It is very important to consider fire protection when designing and planning an extension. Domestic fires pose a serious risk to life, and the most dangerous can occur at night when people are asleep. It is important fire safety is considered as early as possible, as it may have a significant impact on the proposed design and layout of your extension.

 

In order to provide adequate early warning, smoke detection should be installed on each storey of the house, and should be mains powered and interlinked to the relevant British Standards.

 

As well as early warning, adequate provision should be allowed for means of escape from habitable rooms. This can be via access to a suitable protected escape route, via hallways and landings to a final exit door. Where the ground floor is open plan, or where inner rooms are present, escape from ground and first floor can be via a suitable emergency egress window.

 

Further advice on the above is readily available, and your Building Control officer will be happy to discuss fire safety measures with you before and during your project.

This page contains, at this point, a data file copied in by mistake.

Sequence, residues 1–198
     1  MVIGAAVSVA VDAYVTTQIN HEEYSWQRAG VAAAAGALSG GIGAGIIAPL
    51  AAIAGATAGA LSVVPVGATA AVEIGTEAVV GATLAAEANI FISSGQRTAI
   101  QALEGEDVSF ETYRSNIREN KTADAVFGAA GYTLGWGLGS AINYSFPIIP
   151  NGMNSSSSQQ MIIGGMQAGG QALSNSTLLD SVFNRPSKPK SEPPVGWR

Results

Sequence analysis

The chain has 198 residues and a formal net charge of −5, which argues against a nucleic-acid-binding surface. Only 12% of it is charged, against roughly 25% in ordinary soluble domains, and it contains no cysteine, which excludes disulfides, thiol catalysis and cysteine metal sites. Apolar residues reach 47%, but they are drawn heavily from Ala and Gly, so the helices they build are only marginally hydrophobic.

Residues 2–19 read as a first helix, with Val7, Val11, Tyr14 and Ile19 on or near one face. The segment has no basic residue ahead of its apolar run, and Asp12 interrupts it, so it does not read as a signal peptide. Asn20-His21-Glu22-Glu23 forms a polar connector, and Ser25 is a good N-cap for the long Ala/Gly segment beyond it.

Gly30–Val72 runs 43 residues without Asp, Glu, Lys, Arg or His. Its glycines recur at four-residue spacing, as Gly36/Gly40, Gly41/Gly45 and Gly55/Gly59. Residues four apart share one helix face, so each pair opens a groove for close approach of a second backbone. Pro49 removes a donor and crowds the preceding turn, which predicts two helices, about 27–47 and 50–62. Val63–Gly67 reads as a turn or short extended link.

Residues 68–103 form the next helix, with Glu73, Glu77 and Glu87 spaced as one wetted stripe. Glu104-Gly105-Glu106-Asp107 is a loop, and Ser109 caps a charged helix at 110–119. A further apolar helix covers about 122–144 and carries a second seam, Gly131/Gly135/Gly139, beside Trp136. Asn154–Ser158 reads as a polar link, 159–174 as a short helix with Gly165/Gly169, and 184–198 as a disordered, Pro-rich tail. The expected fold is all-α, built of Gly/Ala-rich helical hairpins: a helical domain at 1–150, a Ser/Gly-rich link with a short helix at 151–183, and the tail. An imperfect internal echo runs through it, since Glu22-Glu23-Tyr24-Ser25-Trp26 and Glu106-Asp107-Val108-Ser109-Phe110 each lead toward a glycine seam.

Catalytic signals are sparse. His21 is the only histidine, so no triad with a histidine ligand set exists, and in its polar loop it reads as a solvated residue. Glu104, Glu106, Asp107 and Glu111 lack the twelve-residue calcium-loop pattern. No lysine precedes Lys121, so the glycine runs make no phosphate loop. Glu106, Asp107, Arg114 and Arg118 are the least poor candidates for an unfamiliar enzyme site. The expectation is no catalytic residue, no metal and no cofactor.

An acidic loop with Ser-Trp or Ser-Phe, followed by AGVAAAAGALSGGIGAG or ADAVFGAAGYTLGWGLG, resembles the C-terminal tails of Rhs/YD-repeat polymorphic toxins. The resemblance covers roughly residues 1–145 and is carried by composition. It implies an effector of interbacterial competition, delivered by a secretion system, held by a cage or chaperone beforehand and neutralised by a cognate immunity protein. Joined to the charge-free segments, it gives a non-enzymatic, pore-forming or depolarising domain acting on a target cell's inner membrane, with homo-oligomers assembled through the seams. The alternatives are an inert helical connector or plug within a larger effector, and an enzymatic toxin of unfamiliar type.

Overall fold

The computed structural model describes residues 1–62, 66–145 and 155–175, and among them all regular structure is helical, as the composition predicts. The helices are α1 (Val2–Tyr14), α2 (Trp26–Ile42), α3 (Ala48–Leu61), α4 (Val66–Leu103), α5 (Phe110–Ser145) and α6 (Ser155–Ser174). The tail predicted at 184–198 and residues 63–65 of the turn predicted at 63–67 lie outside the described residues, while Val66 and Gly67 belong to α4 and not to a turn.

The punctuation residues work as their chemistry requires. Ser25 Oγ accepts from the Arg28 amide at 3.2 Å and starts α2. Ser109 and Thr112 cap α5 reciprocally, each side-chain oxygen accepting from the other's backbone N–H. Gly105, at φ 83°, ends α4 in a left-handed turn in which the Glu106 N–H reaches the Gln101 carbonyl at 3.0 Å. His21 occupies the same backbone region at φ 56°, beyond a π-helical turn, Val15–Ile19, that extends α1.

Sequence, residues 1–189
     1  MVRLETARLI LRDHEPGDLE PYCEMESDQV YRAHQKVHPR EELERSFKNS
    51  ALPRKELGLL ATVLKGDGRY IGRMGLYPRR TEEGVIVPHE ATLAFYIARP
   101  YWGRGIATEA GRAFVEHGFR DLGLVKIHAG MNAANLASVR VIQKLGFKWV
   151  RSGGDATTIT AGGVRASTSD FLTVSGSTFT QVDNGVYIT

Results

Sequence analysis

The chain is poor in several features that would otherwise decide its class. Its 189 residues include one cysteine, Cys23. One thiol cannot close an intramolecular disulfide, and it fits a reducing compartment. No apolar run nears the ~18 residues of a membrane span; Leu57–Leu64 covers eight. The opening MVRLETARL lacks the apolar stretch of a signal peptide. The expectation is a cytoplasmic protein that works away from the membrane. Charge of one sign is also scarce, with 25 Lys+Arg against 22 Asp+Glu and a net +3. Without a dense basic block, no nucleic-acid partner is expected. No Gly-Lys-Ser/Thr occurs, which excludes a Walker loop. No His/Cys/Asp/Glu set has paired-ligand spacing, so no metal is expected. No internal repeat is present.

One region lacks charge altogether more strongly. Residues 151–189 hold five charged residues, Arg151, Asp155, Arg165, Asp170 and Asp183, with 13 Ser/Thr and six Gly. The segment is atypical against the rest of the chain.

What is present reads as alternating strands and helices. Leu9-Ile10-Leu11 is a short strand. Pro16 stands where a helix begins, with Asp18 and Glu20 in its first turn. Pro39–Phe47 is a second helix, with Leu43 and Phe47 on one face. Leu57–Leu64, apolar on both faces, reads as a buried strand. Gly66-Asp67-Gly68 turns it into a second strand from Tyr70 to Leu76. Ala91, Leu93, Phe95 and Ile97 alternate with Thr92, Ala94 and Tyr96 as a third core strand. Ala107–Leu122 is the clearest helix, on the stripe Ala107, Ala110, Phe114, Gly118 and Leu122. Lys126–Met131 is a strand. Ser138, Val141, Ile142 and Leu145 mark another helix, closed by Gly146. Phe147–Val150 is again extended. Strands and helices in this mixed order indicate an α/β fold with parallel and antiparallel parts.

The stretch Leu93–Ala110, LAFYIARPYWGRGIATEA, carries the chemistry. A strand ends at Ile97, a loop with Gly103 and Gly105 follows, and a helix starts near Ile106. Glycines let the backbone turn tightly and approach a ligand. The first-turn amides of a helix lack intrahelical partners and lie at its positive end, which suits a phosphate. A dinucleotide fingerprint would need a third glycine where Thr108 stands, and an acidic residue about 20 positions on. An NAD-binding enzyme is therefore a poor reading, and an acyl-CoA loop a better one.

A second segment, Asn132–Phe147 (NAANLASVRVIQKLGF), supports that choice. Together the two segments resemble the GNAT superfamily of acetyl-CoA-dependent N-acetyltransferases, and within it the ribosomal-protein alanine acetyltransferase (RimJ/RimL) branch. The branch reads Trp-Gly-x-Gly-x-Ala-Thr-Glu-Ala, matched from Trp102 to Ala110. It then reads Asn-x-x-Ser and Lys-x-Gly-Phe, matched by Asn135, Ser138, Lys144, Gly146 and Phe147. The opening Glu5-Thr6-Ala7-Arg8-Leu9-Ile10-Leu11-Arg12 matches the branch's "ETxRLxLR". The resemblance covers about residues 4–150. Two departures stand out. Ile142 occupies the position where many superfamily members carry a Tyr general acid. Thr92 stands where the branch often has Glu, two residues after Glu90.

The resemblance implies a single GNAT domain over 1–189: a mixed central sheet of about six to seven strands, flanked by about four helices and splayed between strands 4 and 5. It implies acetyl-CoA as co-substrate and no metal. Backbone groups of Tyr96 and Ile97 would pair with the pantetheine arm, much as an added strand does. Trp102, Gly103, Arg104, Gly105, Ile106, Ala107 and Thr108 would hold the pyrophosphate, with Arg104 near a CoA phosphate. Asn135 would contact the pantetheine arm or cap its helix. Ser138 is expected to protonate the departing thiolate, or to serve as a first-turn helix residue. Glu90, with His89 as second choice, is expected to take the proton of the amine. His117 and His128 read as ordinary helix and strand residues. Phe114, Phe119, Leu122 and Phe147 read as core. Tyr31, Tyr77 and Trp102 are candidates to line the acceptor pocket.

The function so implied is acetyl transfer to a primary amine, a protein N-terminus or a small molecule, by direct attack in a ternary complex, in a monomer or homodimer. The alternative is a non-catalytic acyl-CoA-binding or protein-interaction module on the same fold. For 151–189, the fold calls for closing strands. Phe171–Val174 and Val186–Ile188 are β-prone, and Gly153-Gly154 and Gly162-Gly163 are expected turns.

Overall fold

Windows and Ventilation

The Building Regulations require that adequate ventilation be provided to new buildings and extensions. This can generally be achieved easily in domestic extensions through provision of windows with an openable area at least 1/20th the area of the floor in each room, with background ventilation provided by trickle vents fitted to the head of windows and doors.

 

New windows and doors should achieve minimum standard for thermal performance as required by the Regulations, usually through use of double glazed low-e units.

 

Any glazing provided in critical areas, such as doors, window panes adjacent to doors, and windows with a cill height below 800mm should be provided with suitably robust toughened glass. Windows above ground floor level, where the bottom of any opening is below 800mm, should also be provided with guarding or restrictors to prevent danger from falling.

 

It should also be remembered that certain windows may need to be suitable for means of escape in case of fire. Please see guidance above on Fire Safety for further details.

 

Where the extension includes a new bathroom, WC, kitchen or utility room, it you should also install mechanical extraction fans to ensure removal of excess moisture from the house, and prevent condensation and mould. Your Building Control officer can advise you on the required extraction rates appropriate for each location.